On a night so cold you have to worry about frostbite, would-be patrons at A&B Burgers in Beverly are waiting 45 minutes for a table. The place has more than 120 seats, a big bar, a long high-topped communal table, and wide garage doors in front. A&B had a year-and-a-half run in the Old Salem Jail (poor parking and no street visibility) and has been in the former Bell Market building in Beverly since early January.
The menu has 11 burgers, including beef, turkey, and crab-cake patties, many remarkable. All come with long, slender sea-salt fries — which are excellent when they’re hot, and crisp even when they’re not (they have a light potato-starch coating) — or sweet-potato fries (with a brown-sugar coating), which somehow always arrive hot. Both have the kind of addictive quality that McDonald’s fries had in their glory days, when potatoes were fried in beef tallow.
A&B’s regular fries are made from potatoes grown in Maine, cut off premises, and cooked in canola oil, says co-owner Thomas Holland, 45, a former general manager of Back Bay’s Sonsie and former Michael Schlow partner in Tico. Holland was also director of operations for Alta Strada at MGM Foxwoods. That might explain the smooth operation at A&B, named for Holland’s sons, Alex, 3, and Benjamin, 6. From the door to the bar, the staff seems to be well trained. And even when there are glitches — a bartender cannot locate a spoon, or a lunch table is ignored for 15 minutes in a half-full dining room — you go away feeling well looked after.
Burgers are a cross between precious upscale patties made by chefs who want to prove they can do burgers as well as, say, cassoulet, and those at joints pushing out these classic favorites as quickly as they can. A&B’s hormone-free Angus beef, from Pineland Farms in New Gloucester, Maine, is griddled but never pressed. Think of them as slow burgers, and you do wait for a 7½-ounce patty that consistently arrives caramelized outside, juicy inside, cooked to the doneness you requested. It’s more than an inch thick, on a lightly toasted brioche bun from Malden’s Piantedosi Baking Co. The A burger ($11) has American cheese, arugula, and house sauce; the B burger ($12) adds bacon; the sweet and salty ($13) tucks in burrata cheese, fig jam, and bacon. The Greek turkey burger ($11) is surprisingly juicy; feta cheese and tzatziki sauce are in the stack. The jumbo crab cake burger ($15) is a filler-filled crab cake with mustard aioli and salad vegetables. One graceless moment: DIY doggie bags. You’re handed a container to take something home.
On the salad menu, one with candied butternut squash, pine nuts, and goat cheese ($10) has a wonderful Dijon vinaigrette. The Southwestern ($11) combines chopped romaine, bacon, grilled corn, blue cheese, and avocado with ranch dressing. The Caesar’s romaine ($8) is also chopped (enough chopping!), with large croutons and an anchovy if you look hard. The delicious dressing deserves better.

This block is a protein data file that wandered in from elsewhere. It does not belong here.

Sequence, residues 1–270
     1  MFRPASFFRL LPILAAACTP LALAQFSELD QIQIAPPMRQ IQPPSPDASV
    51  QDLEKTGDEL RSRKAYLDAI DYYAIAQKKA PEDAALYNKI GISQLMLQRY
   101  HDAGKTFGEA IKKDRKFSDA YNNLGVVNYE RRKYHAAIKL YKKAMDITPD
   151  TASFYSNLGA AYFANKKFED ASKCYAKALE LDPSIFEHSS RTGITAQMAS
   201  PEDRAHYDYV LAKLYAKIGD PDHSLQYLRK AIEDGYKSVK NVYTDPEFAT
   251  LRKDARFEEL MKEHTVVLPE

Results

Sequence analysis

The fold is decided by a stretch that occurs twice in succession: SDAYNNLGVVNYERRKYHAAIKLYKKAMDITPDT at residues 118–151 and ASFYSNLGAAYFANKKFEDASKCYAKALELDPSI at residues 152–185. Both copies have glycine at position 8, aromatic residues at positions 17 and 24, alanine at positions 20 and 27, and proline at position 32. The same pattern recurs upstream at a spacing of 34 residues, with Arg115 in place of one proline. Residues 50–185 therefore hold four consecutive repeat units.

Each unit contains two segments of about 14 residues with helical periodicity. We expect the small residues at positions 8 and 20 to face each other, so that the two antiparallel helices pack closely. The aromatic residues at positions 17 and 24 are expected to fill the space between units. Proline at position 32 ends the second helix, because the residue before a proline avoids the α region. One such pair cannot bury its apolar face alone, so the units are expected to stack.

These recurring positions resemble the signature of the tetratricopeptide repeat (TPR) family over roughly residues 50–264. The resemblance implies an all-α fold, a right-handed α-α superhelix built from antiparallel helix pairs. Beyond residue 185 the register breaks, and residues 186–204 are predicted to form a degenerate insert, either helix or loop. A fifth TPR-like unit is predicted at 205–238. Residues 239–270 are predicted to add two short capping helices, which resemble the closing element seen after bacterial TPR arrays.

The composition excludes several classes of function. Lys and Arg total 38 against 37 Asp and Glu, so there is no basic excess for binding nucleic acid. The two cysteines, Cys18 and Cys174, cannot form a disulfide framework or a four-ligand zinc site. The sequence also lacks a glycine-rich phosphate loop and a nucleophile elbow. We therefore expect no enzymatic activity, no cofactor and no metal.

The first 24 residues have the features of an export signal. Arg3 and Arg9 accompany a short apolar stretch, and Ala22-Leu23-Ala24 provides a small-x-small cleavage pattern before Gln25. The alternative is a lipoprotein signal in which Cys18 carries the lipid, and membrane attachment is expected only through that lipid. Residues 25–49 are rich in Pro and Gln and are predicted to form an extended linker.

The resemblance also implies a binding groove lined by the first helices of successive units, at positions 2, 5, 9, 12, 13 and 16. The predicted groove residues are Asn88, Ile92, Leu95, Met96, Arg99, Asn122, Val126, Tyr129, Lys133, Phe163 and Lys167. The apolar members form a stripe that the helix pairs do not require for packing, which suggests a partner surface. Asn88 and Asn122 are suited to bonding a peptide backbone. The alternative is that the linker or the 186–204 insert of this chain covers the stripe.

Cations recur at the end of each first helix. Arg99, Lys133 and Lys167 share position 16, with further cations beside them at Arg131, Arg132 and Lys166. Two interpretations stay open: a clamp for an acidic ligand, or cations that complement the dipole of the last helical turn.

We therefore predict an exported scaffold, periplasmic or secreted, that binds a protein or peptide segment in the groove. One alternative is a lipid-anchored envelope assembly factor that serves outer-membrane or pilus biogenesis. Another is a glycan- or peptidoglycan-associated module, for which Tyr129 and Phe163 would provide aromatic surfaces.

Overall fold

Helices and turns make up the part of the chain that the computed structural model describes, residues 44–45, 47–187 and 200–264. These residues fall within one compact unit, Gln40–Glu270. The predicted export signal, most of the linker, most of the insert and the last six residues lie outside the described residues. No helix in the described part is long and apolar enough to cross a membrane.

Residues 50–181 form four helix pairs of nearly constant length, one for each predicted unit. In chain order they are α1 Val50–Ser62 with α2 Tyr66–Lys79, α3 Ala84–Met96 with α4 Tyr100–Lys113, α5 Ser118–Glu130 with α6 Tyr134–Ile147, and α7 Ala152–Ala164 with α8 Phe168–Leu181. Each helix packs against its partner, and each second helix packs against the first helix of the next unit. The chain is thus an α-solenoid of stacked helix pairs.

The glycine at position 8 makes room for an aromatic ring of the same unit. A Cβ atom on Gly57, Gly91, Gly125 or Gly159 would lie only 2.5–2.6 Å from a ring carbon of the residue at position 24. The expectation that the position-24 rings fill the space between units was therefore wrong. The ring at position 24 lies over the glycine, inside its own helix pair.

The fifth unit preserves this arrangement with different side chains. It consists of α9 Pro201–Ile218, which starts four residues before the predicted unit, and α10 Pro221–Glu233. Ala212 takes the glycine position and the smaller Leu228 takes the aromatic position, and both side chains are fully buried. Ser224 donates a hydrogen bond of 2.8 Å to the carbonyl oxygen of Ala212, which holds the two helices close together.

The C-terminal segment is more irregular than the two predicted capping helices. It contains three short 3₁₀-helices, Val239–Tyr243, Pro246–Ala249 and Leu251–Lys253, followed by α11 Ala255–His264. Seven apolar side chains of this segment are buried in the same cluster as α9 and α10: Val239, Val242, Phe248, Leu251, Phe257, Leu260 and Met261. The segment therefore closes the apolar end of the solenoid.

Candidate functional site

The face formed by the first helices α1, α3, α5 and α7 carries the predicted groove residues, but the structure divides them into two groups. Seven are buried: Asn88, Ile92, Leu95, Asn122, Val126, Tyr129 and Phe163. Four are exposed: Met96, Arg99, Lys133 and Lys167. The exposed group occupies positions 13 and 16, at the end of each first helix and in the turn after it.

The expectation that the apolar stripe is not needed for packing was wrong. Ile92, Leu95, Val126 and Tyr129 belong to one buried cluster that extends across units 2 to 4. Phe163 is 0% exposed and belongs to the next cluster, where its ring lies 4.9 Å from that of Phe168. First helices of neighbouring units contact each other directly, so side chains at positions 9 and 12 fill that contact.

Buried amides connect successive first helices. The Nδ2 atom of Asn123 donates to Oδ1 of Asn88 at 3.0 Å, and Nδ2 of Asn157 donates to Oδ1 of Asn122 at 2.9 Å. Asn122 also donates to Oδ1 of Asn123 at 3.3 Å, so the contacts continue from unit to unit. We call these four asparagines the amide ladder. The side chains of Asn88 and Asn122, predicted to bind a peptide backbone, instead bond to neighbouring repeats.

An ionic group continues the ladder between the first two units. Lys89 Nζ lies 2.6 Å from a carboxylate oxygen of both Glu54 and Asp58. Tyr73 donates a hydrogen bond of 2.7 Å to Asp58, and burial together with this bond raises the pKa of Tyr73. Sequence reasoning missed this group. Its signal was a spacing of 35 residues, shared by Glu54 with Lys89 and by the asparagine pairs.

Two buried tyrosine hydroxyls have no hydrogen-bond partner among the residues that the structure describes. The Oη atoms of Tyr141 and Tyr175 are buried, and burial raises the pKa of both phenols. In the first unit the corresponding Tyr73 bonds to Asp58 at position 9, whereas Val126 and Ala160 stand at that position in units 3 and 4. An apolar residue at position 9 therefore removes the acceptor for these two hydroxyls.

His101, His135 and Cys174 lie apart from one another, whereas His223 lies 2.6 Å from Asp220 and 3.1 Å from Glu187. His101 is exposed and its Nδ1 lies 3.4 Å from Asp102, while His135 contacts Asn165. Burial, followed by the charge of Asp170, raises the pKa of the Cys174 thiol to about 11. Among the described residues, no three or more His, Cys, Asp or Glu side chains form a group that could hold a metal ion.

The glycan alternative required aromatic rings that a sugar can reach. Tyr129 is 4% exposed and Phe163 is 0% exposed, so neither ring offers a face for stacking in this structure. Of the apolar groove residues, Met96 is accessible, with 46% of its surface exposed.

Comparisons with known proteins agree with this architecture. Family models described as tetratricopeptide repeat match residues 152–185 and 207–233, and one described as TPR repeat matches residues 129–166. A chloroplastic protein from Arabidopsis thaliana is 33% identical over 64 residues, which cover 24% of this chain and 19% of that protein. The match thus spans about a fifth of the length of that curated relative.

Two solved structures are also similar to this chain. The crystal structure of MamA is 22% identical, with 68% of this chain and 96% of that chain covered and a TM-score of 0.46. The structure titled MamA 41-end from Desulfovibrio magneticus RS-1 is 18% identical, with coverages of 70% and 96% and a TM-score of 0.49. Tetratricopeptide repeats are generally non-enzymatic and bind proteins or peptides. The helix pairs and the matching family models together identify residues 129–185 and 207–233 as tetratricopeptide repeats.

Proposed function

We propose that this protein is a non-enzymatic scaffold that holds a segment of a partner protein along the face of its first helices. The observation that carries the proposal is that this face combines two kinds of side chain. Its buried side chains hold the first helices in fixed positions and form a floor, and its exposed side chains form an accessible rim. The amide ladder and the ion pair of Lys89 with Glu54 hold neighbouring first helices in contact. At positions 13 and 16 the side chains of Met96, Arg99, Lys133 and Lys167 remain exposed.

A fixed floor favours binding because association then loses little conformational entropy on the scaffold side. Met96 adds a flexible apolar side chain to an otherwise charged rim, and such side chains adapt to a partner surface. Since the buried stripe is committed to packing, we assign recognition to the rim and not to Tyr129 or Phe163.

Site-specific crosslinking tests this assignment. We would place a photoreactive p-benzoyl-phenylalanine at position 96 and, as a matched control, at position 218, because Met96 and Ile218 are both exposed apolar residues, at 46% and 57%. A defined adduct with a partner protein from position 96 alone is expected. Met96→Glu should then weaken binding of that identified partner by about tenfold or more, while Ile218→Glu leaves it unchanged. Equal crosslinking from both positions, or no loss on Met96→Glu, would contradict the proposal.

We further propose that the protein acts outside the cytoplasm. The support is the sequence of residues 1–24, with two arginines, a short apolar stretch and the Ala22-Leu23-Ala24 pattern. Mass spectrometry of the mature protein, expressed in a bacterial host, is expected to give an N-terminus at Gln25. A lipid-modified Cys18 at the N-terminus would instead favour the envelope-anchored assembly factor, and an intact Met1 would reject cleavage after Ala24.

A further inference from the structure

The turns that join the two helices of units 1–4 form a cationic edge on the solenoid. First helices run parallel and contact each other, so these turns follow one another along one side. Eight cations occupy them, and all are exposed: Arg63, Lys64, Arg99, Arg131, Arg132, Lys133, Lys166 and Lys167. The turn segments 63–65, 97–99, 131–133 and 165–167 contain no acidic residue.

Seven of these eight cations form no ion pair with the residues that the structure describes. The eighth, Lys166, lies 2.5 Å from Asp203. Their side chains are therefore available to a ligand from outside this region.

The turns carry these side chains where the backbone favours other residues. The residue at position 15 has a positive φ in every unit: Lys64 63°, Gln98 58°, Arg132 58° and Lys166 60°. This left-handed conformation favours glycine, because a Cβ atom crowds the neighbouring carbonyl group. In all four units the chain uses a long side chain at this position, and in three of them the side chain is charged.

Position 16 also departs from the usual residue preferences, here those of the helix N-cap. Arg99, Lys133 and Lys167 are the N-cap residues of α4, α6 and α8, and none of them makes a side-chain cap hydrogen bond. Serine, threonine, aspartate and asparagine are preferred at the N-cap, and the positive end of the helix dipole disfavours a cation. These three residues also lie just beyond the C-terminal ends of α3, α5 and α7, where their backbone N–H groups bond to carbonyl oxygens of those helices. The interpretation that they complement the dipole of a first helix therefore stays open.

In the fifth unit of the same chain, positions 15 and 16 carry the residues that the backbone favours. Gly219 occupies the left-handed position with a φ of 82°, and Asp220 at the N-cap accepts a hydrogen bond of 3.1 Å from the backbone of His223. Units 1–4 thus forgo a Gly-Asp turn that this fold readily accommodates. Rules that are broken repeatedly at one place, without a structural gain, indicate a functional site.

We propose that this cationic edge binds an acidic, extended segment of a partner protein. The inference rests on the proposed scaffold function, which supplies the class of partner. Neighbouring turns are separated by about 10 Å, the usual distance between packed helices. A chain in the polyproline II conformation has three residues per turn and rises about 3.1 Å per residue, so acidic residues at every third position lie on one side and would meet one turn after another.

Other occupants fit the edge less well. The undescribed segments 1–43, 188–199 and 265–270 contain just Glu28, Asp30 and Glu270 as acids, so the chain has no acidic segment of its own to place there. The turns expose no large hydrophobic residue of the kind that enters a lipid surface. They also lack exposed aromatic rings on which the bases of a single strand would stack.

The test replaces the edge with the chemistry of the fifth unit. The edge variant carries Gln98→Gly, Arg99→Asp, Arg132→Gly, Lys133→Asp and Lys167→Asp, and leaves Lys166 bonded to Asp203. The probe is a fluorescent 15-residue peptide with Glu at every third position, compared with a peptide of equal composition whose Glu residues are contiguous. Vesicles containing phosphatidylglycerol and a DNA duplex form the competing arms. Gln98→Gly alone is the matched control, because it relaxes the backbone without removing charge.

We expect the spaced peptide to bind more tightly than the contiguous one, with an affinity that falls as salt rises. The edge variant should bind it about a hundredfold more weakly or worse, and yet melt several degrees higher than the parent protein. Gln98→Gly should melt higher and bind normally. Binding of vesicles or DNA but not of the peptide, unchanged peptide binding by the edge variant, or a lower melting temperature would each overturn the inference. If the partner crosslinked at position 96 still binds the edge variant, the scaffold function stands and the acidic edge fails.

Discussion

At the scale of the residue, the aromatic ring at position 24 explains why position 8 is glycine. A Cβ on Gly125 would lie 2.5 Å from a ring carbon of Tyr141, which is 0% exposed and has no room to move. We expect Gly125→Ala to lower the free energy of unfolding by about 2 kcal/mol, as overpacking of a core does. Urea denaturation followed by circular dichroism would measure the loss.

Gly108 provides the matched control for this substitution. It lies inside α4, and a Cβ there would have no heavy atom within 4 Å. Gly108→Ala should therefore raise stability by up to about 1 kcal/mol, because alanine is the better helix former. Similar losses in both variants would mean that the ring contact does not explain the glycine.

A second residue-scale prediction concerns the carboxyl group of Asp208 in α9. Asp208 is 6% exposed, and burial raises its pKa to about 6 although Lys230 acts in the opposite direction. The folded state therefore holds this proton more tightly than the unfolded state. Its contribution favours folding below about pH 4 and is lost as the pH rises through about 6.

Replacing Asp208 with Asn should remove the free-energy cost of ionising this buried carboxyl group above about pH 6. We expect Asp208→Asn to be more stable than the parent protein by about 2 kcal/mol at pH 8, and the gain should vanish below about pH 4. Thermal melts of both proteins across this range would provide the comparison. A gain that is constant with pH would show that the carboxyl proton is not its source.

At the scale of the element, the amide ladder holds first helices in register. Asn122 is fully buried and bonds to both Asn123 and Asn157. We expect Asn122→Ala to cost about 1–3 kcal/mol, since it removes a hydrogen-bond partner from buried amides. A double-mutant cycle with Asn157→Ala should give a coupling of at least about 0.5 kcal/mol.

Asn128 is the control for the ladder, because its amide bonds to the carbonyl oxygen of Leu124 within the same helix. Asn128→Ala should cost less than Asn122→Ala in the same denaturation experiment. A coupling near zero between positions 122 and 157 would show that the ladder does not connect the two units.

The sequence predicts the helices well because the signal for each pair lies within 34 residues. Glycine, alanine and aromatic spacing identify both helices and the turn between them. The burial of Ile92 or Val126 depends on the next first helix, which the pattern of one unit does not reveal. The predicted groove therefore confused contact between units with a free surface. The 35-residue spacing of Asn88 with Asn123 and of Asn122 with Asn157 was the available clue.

Pan-roasted Brussels sprouts ($9) with bacon and a sherry reduction have all the right flavors, but the sprouts are hard. Delightfully chewy, moist veal meatballs ($9) in a bright but intense, chunky pomodoro sauce are delicious.
Lunch offers sandwiches, such as fried eggplant ($10), crisp rounds in a dull presentation, and Moody’s Delicatessen pastrami with Tabasco slaw on toasted marble rye ($12), one of the best items on the menu. Entrees like grilled salmon ($23), pan-roasted chicken breast ($18), and chicken and waffles ($15) seem superfluous, but Holland says he’s offering what customers want.
Stellar milkshakes ($5 regular, $10 with alcohol) are thick with Treadwell’s ice cream from Peabody. One frosty night a chocolate, sea salt, bourbon shake is a perfect dessert. But the regular chocolate after lunch one day is just as irresistible.
Amy Butler Constant, 27, is co-owner with Holland. The two met when she was in the marketing program at Johnson & Wales and he hired her as a waitress at a restaurant he was running.
They opened a big, roomy urban barn with exposed pipes and modern lighting, offering a menu of well-raised, well-made burgers. It’s always a delight when the place meets the plan.
206 Cabot St., Beverly, 978-993-7394, www.anbburgers.com. All major credit cards. Wheelchair accessible.
Prices Small plates and salads $3-$13. Entrees $18-$28 (most under $20). Burgers $9-$13. Milkshakes (nonalcoholic and adult) $5 and $10.
Hours Sun-Thu 11:30-1 a.m. (full menu until 10 p.m., burgers until midnight).
Liquor Full bar
What to order Veal meatballs, butternut squash salad, Southwestern salad, pastrami sandwich (on lunch menu), A burger, B burger, Greek turkey burger, sweet and salty burger.Sheryl Julian can be reached at email@example.com. Follow her on Twitter @sheryljulian.